Paudie McCleen (51) also had specific reservations about plans to rise the water level of Lough Neagh which will see Brocagh, Derrylaughan and Derrytresk eventually submerged in 12 feet of water, proposals to see the other half of Ballinderry returned to Tyrone, schemes to bore into the Sperrins and build caves for ‘Jobseekers Allowance and Customs and Excise officials’ and the possible renaming of many towns and villages across the county to make them more romantic or continental.
McCleen had a word of warning for residents in the Rock who are to be renamed ‘Brewer’s Droop’ and the Moy who will now be known as ‘Little Armagh’.
“Not a lot of consultation here. And if these proposals are to see the light of day, then it’s bye-bye to the loughshore townlands as we know it with the artificial rising of the water. Falls’ Pub will be a luxurious watering hole for eels. It’s really disappointing too what with the mouth-watering Derrylaughan/Derrytresk derby clash on the horizon next year.”
Other alterations will see no Tyrone flags in county border flashpoint areas such as Trillick, Castlederg and Cookstown, the banning of turned up jeans in daylight and the ruling against the playing of Garth Brooks songs in public from March-October.
“I’m also concerned about Ballinderry being returned to its rightful county. The Ballylifford townland ones have been a part of Derry for so long now and will have developed Derry customs and behaviour. It could take years of re-education to get them ready for the civilised world.”
The Stormont House Agreement also sees heavy sanctions for anyone slagging Fermanagh ones.
Despite sound-bites from the government to quell fears of a new breed of testicle-eating trouts and eels stalking Lough Neagh, swimmers and bathers along the western coastline of the lough confirmed they are still a real threat, and may be getting hungrier.
Two male swimmers from Derrylaughan, who every Saturday morning religiously partake in a short swim out to Coney Island and back to shake off hangovers, reported three attacks from three different breeds of fish during their 30-minute paddle. Kevin Barry, a 28-year old fencer, told us:
“I think that’ll be the last time I go for a dip in the lough until the problem is sorted. There’s no enjoyment when you’re constantly worried you’ll return to shore with mutilated knackers. I’ve never seen eels behave like that before, and I know my eels.”
Sunbather Harry Quinn (58) from Moortown was astonished at the attack he experienced whilst laying on a towel on the beach at the Battery. Wearing a tight-fitting pair of Moortown St Malachy’s shorts from his playing days in the early 80s, Quinn had to retreat to the pub after an unprovoked assault on Saturday:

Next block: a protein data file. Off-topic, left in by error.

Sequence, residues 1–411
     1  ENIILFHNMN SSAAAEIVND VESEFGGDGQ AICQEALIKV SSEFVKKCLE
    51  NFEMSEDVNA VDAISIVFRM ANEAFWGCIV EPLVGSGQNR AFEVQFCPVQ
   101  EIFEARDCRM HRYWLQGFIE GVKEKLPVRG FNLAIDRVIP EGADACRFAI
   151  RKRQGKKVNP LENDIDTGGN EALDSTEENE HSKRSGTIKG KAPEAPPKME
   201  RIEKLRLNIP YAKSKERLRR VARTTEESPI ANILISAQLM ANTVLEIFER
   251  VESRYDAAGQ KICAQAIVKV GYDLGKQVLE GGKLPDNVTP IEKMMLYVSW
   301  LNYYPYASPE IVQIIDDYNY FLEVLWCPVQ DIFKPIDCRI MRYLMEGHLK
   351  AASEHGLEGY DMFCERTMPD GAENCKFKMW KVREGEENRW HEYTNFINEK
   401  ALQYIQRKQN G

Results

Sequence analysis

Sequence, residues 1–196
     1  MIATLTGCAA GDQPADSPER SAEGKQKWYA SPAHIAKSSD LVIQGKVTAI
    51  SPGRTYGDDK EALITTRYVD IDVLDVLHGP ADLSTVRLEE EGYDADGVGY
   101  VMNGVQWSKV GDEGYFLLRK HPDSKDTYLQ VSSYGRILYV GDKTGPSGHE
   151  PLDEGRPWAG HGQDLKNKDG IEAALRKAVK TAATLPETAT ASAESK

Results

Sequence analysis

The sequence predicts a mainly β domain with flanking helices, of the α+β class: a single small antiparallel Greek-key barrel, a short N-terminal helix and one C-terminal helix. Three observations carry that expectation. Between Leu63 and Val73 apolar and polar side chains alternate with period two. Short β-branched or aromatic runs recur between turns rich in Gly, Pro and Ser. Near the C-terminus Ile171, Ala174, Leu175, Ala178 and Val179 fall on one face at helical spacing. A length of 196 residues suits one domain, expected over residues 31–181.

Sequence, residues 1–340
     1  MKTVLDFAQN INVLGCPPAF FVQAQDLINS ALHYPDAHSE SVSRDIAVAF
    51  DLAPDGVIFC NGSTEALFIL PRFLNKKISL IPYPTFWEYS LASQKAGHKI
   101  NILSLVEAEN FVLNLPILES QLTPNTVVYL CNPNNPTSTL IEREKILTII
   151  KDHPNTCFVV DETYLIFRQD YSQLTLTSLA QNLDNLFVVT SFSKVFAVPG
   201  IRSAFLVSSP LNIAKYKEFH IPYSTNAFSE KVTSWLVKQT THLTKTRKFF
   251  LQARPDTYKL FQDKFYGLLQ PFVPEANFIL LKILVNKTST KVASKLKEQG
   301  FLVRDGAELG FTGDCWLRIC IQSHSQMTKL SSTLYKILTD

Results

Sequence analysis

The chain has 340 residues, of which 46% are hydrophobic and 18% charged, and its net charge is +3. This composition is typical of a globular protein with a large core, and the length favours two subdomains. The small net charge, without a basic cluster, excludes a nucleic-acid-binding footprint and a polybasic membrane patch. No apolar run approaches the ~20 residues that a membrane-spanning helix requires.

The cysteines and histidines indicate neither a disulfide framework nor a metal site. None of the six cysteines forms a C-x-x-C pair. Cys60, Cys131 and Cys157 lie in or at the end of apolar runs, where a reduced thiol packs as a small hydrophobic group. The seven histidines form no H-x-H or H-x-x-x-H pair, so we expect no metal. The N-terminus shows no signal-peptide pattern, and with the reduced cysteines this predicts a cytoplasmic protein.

“Ghost oh, I was just nodding off on the towel and before I know it a couple of Dollaghan were yanking the shorts off me and them 10 feet out of water. I barely managed to bate them off with a rolled up Irish News but not before on of the trout took a nick from one of my yokes.”
Local scientist Paddy Hughes maintains the new culinary tastes are a result of “global warming or the solar rays or something like that” and has warned male swimmers and fishermen to wear body armour or metal trunks for a few years “until the fish move on to China or somewhere like that”.
After only one week in operation, the Lough Neagh Speedgoat Company have closed due to multiple unforeseen difficulties.
The initiative, which received backing from the European Funding Association, suffered immediate teething problems when Gregory, their flagship goat, refused to enter the water due to the extremely cold temperature of the lough. Company CEO, Janet Donnelly, admitted it’s back to the drawing board for Lough Neagh money making ideas:
“We honestly thought the idea of speedgoats would see people flock to Lough Neagh from afar a field as Colombia or Sudan. It turns out goats aren’t deadly swimmers. We did managed to find one named Graham who didn’t mind the water that much but didn’t really move much. In fact, he just floated there looking a bit confused.”
The Lough Neagh Speedgoat Company called it a day after their three water-friendly goats found themselves constantly brawling with the lough’s natural residents such as eels, minks, pollan and midges.
“It wasn’t going to make much money. Children were sort of afraid of the whole concept and they were our target audience. Patsy Cush thought his ride was class but he was a lone voice and he has always been easily amused. The money is still there though so we’ll get thinking about new business ventures on the lough.”
Brocagh Primary School have recently run a competition for ideas on how to improve tourism on the lough. Suggestions have included:
- floating competitions
- dragon boat racing
- underwater rugby
- aqua aerobics
- reality show on water about fishing with phone votes and stuff